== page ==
IMISCOE Spring Conference: Transforming Mobility and Immobility: Brexit and Beyond

Panel members speaking

Event details

28-29 March 2019


The ‘Transforming Mobility and Immobility: Brexit and Beyond’ IMISCOE Spring Conference will take place on 28-29 March 2019 in Sheffield, UK.

This conference was organised by the Migration Research Group at the University of Sheffield in collaboration with the Centre of Migration Research (CMR) at the University of Warsaw and IMISCOE. It was supported by the Noble Foundation’s Programme on Modern Poland.

Speakers include:

  • Professor Feargal Cochrane, University of Kent
  • Professor Nira Yuval Davis, University of East London
  • Professor Pawel Kaczmarczyk, University of Warsaw
  • Dr Majella Kilkey, University of Sheffield
  • Professor Louise Ryan, University of Sheffield
  • Professor Peter Scholten, Erasmus University Rotterdam
  • Professor Anna Triandafyllidou, European University Institute
  • Catherine Woollard, European Council on Refugees and Exiles
  • Dr Aarti Iyer, University of Sheffield

At the very moment the UK plans to exit the EU, we invited migration scholars to come together to discuss how Brexit cannot be understood in isolation, but must be seen in relation to a geographic, temporal and conceptual ‘beyond’. We collaborated to develop understanding of how on-going events in Europe and worldwide are transforming regimes, patterns and understandings of mobility and immobility.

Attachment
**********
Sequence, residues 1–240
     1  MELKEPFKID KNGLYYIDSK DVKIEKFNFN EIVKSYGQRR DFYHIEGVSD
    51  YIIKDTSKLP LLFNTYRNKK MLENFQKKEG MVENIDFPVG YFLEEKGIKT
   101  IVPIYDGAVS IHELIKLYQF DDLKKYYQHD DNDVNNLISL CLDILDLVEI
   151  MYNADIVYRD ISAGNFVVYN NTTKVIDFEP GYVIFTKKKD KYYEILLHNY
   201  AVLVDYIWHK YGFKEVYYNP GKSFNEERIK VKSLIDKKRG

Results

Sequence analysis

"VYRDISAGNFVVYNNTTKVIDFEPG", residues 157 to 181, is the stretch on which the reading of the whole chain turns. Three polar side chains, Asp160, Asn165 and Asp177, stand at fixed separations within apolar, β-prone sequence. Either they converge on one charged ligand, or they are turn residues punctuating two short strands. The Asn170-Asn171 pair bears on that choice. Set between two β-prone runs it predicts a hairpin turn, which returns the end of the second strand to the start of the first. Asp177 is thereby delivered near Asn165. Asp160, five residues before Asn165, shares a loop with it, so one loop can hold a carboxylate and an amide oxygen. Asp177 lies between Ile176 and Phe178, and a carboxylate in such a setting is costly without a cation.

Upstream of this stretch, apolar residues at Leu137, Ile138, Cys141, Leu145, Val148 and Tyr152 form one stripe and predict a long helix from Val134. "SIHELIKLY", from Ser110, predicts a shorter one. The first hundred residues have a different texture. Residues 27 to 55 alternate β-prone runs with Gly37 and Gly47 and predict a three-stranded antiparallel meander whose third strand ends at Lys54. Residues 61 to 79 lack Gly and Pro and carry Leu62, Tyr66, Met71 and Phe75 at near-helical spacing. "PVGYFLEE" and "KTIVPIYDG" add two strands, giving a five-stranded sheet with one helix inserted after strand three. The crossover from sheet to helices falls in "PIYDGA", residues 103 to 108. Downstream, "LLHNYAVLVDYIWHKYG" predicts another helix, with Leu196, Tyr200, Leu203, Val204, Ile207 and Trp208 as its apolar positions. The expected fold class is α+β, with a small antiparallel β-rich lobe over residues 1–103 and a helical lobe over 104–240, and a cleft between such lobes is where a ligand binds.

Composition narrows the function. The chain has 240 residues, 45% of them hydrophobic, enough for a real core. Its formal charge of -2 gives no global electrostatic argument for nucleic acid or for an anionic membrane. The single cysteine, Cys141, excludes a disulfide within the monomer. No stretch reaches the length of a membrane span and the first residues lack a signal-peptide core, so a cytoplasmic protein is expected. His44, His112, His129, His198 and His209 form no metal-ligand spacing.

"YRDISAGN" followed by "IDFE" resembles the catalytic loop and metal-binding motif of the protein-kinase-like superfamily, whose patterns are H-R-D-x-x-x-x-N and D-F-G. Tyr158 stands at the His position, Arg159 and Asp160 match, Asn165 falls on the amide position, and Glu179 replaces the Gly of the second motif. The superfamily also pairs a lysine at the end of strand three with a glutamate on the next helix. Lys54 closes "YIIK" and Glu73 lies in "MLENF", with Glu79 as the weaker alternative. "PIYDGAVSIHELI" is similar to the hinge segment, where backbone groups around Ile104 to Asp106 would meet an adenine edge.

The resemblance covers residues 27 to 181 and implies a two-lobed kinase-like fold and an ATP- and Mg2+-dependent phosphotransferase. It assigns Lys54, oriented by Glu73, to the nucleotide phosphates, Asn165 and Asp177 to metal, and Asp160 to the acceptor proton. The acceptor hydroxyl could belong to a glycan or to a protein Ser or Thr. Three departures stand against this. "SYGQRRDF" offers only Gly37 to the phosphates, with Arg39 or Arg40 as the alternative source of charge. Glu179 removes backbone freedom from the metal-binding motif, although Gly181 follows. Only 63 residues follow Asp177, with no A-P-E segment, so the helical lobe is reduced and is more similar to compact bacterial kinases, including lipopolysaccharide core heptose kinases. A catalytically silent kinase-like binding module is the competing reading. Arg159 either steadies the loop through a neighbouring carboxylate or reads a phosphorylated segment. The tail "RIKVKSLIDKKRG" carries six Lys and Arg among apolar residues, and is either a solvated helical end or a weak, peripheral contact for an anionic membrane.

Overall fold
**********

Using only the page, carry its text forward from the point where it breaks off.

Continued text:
In the 15 years since the 2004 Enlargement, at local and national scales, European countries have experienced seismic shifts associated with increasing intra-EU mobility, the economic crisis, austerity, the so-called ‘refugee crisis’, the rise of far-right and other populist sentiments.

Brexit is clearly a notable political landmark in the UK’s more generalised ‘hostile environment’, but globally it sits alongside other significant events such as Trump’s ‘raising the border’ rhetoric in the USA to the forced displacement of the Rohingya from Myanmar.

Following Castles (2010: 1576), we understand these shifts as bound up in broader processes of social transformation in which ‘existing social patterns are questioned and many are reconfigured’. A social transformation lens on migration, invites us, therefore, to interrogate what is changing in the politics, policies and practices of mobility and immobility, and what this means for our existing theoretical and conceptual frameworks.

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